IN his early days as mayor of New York, Edward Irving Koch loved to gauge his popularity. ``How'm I doin'?'' was his trademark question. Folks leaped from the crowd to shake his hand and respond, ``Just great, Ed.'' Mr. Koch isn't asking anymore; he doesn't want to know. On the eve of his fourth mayoral campaign, only one out of three voters thinks he's doing a good job.
The mayor rode a tide of popularity for his role in bringing New York City out of its fiscal crisis of the 1970s and was widely admired for his ``I Love New York'' boosterism that helped keep large corporations from moving out of the Big Apple.
But these days Koch is blamed for carrying both his priorities and his outspoken nature too far.
Critics say his push for economic growth has been unplanned and has resulted in New York becoming a less appealing place to live. They blame him for policies that they say have enriched developers while increasing poverty. Frustrated residents point to a dramatic, crack-fueled rise in crime, a crisis in city schools, a health-care system unprepared to cope with the AIDS epidemic, and a homeless problem that becomes more palpable each week. A spate of scandals involving high administration officials has further soured the public on him.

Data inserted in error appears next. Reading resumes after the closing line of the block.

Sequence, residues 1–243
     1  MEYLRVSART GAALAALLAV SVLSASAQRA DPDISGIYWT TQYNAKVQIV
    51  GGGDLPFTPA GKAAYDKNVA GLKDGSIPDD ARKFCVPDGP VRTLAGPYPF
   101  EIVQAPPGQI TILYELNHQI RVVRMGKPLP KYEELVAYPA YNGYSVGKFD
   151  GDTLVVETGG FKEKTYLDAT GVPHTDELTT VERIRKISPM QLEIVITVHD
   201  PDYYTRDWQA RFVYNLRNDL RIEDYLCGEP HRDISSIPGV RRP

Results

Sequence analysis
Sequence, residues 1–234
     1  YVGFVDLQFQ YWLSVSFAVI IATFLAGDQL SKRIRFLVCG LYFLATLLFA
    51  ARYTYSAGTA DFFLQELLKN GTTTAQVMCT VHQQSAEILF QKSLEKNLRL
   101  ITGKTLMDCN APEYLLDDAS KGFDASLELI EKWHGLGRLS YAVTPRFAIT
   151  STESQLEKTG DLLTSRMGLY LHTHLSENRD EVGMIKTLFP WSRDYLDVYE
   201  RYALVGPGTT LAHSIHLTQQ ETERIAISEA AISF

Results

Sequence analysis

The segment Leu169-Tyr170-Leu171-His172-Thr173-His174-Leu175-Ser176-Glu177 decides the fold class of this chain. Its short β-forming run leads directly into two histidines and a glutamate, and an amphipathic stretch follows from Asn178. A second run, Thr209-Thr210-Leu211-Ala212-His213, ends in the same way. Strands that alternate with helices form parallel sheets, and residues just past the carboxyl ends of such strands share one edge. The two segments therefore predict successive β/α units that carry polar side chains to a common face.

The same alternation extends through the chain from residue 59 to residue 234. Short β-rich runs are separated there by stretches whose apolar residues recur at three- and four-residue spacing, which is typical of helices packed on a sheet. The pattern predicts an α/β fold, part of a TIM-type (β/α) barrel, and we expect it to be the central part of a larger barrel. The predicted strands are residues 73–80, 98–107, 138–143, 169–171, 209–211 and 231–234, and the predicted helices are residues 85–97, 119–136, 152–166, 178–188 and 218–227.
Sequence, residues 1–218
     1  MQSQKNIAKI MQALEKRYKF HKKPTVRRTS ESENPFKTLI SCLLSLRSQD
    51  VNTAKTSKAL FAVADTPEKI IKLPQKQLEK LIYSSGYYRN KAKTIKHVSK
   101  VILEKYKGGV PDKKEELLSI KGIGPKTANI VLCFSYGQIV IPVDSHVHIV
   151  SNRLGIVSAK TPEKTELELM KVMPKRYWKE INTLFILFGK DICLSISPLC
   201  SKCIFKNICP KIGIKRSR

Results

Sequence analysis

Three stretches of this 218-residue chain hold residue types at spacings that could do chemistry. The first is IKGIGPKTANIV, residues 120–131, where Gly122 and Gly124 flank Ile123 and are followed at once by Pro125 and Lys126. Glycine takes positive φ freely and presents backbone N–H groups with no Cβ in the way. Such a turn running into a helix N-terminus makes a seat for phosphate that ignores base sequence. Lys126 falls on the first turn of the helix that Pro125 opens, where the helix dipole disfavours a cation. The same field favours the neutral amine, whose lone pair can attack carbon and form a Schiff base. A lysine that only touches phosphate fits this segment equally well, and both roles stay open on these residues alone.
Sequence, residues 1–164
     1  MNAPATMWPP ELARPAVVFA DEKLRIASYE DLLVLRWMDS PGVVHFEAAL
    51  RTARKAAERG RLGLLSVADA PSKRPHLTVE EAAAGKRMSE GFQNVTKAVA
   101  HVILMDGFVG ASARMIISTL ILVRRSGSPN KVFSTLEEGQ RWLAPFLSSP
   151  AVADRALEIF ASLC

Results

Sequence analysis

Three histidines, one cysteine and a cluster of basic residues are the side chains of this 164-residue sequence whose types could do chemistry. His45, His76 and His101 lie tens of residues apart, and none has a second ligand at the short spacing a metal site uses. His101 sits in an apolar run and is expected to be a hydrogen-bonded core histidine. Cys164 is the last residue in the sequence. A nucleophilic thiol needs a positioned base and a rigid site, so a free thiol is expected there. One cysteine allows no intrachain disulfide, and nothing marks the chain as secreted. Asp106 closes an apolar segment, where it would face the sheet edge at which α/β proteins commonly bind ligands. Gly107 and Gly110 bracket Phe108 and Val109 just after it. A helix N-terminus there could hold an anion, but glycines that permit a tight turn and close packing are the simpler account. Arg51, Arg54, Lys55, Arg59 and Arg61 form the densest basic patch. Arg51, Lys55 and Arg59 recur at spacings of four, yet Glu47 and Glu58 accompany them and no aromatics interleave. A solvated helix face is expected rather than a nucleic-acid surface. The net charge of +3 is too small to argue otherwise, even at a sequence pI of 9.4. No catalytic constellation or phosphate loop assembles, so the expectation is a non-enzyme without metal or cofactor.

Koch's brash personal manner and tendency to shoot from the hip, which once seemed to appropriately mirror the ``New York Persona,'' now simply grates, and has resulted in the alienation of many. His harsh criticism of Jesse Jackson in last year's presidential primaries angered many blacks, and his seemingly approving comments about British handling of Northern Ireland inflamed local Irish-Americans.
This year, he has compared the tactics of one opponent, City Comptroller Harrison Goldin, who like Koch is Jewish, with those of Nazi propagandist Joseph Goebbels. ``His mouth seems to get further detached from his brain as the years go by,'' says Lawrence Kehoe, a Manhattan Democrat.